Relevant cash flows of capital budgeting and investment appraisal are one area that confuses people a lot. This confusion is common amongst students that are taking financial management as a course in their bid to become finance professionals.
The motivation for writing this article is to clear this confusion on what is relevant cash flow and what is not relevant cash flow. In this article, you will learn what relevant cash flow is and how to identify relevant cash flow. You will also get explanation to some other questions that bother around relevant cashflow of capital budgeting and investment appraisal.
WHAT ARE RELEVANT CASH FLOWS?
Relevant cash flows are inflow and outflow of cash whose inclusion or exclusion from investment appraisal can affect the overall investment decision. What this means is that finance / funds that have already been committed will not be considered while performing your capital budgeting. Costs like R&D, market research costs, old (redundant) staffs’ salary, etc will not be included as projected cash flow of a project that will be considered for investment analysis purpose. The cost of feasibility studies for instance cannot be considered a relevant cost as the acceptance or rejection of the project will not reverse the cost.
Again, paper costs like depreciation and capitalized costs cannot affect your analysis of businesses and projects. Be sure to identify sunk costs and remove them from your analysis. Sunk costs are costs that have already been incurred without prospect. Understanding the principle behind the timing of cash flows will help you identify which cost is relevant and which one is not relevant. Below are clues on how to properly time your cash flows both for real life purpose and exam purpose.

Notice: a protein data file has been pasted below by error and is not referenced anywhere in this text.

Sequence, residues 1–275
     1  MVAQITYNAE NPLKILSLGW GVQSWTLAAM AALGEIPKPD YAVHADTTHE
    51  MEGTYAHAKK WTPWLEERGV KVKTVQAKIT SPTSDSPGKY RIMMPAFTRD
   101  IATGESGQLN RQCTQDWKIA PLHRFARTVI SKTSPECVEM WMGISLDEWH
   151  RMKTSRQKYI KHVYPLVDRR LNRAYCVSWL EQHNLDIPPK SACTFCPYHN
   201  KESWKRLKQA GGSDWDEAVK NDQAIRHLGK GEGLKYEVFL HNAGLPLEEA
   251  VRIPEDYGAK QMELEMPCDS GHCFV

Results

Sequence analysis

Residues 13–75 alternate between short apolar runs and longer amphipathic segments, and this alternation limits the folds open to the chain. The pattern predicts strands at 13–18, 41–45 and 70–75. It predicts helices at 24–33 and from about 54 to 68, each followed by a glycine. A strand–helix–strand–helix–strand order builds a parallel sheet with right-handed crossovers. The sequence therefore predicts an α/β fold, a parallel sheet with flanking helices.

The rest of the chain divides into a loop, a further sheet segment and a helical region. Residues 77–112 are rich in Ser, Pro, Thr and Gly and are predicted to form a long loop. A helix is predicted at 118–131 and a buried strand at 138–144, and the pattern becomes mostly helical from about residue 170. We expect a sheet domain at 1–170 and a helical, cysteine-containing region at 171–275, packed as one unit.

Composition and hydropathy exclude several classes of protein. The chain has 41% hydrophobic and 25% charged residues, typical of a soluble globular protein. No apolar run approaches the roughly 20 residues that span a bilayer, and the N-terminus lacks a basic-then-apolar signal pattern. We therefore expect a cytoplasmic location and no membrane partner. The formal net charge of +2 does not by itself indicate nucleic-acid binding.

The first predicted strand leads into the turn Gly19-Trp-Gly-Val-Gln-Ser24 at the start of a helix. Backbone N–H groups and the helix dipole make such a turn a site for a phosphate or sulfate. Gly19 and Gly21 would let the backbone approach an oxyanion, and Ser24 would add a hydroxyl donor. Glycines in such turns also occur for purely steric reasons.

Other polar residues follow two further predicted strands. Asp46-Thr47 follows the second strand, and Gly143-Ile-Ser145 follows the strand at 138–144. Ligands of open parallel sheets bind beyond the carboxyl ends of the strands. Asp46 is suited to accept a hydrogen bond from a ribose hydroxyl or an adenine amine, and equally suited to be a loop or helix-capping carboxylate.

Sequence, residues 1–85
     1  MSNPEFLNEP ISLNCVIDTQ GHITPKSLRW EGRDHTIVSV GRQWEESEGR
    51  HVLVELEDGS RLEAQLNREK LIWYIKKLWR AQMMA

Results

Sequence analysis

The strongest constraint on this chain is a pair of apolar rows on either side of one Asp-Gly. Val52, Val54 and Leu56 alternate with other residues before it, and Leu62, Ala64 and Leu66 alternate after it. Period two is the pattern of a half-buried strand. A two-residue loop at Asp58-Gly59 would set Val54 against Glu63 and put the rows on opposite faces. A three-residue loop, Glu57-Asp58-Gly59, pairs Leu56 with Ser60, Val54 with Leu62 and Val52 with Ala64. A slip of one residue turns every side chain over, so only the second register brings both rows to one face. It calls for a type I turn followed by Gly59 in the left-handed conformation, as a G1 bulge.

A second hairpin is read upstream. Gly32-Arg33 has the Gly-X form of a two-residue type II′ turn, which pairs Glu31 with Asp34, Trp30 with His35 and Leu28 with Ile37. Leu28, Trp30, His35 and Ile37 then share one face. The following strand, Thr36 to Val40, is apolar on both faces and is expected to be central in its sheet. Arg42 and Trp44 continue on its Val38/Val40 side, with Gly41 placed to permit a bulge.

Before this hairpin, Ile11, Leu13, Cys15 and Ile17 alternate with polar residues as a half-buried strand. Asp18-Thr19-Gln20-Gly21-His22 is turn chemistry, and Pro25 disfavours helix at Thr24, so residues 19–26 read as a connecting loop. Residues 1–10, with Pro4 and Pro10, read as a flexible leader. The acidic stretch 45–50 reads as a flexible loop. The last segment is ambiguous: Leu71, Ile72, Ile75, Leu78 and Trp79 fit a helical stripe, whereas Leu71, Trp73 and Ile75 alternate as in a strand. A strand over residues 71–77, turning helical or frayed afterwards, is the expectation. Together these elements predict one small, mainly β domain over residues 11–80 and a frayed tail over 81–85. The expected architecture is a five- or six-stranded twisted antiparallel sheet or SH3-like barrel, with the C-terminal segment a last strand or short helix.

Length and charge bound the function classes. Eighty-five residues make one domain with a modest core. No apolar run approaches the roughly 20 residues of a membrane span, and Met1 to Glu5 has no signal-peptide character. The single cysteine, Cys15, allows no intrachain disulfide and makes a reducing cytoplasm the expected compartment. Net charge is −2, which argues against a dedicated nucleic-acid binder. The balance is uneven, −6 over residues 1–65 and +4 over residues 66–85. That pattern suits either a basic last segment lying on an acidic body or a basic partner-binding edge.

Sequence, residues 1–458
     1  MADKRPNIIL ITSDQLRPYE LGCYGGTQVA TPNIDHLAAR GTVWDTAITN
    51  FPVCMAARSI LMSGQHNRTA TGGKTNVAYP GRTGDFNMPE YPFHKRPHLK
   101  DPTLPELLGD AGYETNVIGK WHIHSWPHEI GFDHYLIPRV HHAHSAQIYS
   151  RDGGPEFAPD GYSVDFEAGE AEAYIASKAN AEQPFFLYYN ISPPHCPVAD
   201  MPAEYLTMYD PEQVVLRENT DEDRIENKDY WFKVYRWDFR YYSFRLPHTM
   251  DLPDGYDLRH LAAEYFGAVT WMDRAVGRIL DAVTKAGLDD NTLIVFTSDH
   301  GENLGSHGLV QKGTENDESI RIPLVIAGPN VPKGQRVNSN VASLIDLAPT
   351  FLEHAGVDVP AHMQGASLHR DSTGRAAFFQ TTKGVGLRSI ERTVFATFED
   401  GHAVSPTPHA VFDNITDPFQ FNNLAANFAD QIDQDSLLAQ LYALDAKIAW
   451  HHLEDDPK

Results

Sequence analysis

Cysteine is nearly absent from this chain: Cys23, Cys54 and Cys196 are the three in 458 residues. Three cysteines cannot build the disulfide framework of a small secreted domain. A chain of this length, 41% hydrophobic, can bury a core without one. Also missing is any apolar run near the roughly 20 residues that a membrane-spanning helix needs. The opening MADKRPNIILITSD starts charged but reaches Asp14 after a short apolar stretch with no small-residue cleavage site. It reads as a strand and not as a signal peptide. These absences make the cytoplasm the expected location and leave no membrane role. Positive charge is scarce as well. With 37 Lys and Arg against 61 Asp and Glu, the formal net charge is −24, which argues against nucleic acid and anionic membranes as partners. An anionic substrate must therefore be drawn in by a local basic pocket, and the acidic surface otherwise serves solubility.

TIMING OF CASH FLOW
Initial investment, working capital and tax cash flows are the ones that are mostly timed wrongly. The mere fact that meetings and discussions have been had about a project does not mean that any concrete thing has taken place.
Discounted cash flow: by discounted cash flow, we mean investment appraisal technique which takes into account both cash timings of cash flows and streams of cash flow over a projects life span. Discounting is clearly concerned with timing of cash flows. As a general rule, the following guidelines may be applied:
- A cash outlay to be incurred at the beginning of an investment project (‘now’) occurs in year 0. The present value of one dollar ($1) now, in year 0, is 1$ regardless of the value of r (the discount rate).
- A cash flow (inflow and outflow) that occurs during the period is said to all occur at the end of the period- year end. Suppose a company’s year end is November, receipt of $20,000 in March will be said to occur at the end of the year, which is November in this case.
- A cash flow that occurs at the beginning of a period is taken to have occurred at the end of the previous year. This is to say that cash outlay of $15,000 at the beginning of year 2 is taken to have occurred at the end of year one.
Relevant cash flows is the key to any investment appraisal and capital budgeting.
Leave a Reply